LOUISVILLE, Ky. (WDRB) -- The Kentucky Center is giving a first look inside the building after a fire on Wednesday. 

Officials with the center gave a tour of the damage inside the main lobby, Whitney Hall and other areas of the venue. 

Recovery teams are parked in front of the Kentucky Center running ventilation into the building to dry things out. A spokesman for the center explained that the air being pumped into the building is dry and heated to prevent mold. 

Walking in the front doors, a huge network of scaffolding is in place from a restoration project that was already underway before the fire started on Wednesday. There are several signs that had been put in place for the project that say "Pardon Our Mess." 

That mess is apparent. Carpets are soaked. Walls are waterlogged. And workers in hard hats are working to peel paint and plaster on to sheets of plastic covering the floor. 

A spokesman said, "All things considered, the fire could have been worse."

[IMAGES: A look inside the Kentucky Center 2 days after the fire]

He explained that most of the damage is contained to the main lobby. He said workers on the scaffolding first smelled the smoke, when the fire started. They quickly called the fire department and evacuated the building.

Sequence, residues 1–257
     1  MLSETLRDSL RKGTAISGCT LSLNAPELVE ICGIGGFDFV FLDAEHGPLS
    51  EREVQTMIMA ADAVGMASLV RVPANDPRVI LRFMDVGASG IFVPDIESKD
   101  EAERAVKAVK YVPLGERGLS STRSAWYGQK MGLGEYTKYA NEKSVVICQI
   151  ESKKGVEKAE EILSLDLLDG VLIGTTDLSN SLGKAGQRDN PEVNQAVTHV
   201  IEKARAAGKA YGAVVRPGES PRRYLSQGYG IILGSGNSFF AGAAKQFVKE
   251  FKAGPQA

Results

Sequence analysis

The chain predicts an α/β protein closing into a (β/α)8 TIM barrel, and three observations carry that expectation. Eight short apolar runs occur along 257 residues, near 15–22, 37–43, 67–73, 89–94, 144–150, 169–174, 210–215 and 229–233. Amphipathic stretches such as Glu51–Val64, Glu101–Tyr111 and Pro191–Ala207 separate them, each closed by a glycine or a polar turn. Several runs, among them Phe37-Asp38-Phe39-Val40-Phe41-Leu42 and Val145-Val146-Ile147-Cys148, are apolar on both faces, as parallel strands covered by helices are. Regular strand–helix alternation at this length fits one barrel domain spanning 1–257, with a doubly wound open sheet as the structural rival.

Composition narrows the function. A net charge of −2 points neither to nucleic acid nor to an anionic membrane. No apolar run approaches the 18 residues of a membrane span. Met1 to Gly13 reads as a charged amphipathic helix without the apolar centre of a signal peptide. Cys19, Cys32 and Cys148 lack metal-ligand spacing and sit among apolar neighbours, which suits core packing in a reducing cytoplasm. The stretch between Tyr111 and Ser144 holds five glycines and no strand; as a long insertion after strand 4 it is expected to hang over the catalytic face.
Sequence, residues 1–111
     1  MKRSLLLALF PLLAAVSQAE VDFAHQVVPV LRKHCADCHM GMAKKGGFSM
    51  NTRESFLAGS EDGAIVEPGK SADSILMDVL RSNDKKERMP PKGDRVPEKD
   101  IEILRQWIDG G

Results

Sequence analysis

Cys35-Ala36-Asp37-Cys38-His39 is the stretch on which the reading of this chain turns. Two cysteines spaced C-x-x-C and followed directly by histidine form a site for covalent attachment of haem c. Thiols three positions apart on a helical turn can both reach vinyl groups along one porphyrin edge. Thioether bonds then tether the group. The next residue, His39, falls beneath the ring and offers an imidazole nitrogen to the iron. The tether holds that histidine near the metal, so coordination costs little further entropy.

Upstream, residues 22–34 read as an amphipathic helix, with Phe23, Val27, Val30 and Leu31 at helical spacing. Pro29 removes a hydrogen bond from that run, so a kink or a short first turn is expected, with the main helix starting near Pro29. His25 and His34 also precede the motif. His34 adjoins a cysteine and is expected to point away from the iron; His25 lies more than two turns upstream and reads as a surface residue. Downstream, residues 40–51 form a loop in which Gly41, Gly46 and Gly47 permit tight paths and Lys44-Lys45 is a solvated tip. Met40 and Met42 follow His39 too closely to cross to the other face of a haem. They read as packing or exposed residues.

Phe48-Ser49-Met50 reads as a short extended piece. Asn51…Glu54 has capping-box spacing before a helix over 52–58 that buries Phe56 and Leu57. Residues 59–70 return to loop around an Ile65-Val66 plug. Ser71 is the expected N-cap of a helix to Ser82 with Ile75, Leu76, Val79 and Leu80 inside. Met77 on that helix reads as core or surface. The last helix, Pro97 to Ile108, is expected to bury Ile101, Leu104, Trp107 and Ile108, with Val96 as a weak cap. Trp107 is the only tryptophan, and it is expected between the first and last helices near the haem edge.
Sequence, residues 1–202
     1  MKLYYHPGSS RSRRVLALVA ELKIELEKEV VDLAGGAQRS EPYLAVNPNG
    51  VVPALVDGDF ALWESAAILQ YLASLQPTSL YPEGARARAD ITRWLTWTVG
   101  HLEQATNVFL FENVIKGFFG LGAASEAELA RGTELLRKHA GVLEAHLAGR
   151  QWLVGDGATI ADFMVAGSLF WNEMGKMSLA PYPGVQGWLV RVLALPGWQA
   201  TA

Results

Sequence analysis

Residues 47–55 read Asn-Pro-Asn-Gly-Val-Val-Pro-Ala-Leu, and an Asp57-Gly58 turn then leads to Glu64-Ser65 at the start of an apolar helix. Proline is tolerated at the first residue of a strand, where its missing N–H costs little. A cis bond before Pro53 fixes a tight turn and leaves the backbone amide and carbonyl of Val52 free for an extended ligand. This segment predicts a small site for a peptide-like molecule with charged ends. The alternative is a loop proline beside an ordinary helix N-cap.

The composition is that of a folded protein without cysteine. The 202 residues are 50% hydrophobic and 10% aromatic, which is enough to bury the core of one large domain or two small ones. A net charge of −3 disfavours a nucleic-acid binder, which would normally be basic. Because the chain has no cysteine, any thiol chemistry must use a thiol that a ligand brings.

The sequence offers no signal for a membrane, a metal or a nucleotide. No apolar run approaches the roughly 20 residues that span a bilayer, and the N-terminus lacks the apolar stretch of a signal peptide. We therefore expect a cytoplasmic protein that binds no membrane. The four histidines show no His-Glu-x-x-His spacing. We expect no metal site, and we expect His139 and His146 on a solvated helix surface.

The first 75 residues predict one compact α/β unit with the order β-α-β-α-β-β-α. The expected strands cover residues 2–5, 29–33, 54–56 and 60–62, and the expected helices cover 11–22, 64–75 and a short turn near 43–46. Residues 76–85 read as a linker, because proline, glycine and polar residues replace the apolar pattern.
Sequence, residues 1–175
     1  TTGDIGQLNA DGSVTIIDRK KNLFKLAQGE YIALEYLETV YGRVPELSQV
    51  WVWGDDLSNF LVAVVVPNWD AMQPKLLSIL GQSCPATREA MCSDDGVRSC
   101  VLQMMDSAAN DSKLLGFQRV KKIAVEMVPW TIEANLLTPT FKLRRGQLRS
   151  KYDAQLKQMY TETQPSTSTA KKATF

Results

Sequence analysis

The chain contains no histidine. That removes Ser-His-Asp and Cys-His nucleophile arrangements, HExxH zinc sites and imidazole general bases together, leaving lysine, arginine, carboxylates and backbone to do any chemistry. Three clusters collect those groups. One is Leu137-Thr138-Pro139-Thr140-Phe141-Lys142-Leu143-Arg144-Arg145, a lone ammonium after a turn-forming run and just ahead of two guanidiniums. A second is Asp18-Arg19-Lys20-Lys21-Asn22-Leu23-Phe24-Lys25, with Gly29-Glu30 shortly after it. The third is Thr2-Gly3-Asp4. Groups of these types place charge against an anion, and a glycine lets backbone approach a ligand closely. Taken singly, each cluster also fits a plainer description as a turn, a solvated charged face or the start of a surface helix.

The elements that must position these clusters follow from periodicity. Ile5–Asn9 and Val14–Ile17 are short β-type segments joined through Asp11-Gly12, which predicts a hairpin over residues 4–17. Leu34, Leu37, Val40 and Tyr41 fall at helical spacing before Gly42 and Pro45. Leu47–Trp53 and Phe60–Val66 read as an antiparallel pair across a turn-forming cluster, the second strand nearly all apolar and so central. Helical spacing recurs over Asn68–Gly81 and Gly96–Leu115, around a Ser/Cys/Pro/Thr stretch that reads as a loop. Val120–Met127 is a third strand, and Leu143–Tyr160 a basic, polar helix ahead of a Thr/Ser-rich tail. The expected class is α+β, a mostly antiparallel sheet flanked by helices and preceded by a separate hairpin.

Water from fire hoses, pointed at the curved metal roof outside, allowed the water to pour down one wall and into the lobby.  

Stacks of green industrial fans are scattered through the building that will be put in place, as teams continue to clear away debris. 

Whitney Hall is the largest of the theaters within the center. It's used for large productions and Broadway productions. There is little visible damage besides wet carpets. But the smell of smoke is prevalent. Scubbers are already being used to filter the air to remove the smell. 

A spokesman for the Kentucky Center said most of the damage is cosmetic, but there has been concern about the $18 million in artwork in the building. 

Most of the artwork was already sealed and protected for the reconstruction project that was being done in the lobby.  But experts are being flown in to access the John Chamberlain painting "The Colored Gates of Louisville." It was on the wall that received much of the spray from fire hoses. 

Another piece of wooden art has been put in a make-shift "incubator" created around it to protect it from the heat and humidity. Experts from Louisville's Speed Art Museum are also helping to protect the artwork. 

Kentucky Center president and CEO Kim Baker said they will have a better idea early next week about rescheduling some of the bigger shows booked into the venue. 

The Broadway to Louisville production of "Waitresses" is expected to go on as scheduled in Whitney Hall from June 26 to July 1. 

Other productions are being rescheduled or moved to another venue. Looking for Lillith Theater Company was able to move its production of "We Are Here" to the Black Box Theater at the Wyatt Center for the Arts at Bellarmine University. 

The Kentucky Center announced on Friday that it was able to reopen phone lines for ticket sales at 502-584-777 or 800-775-7777. 

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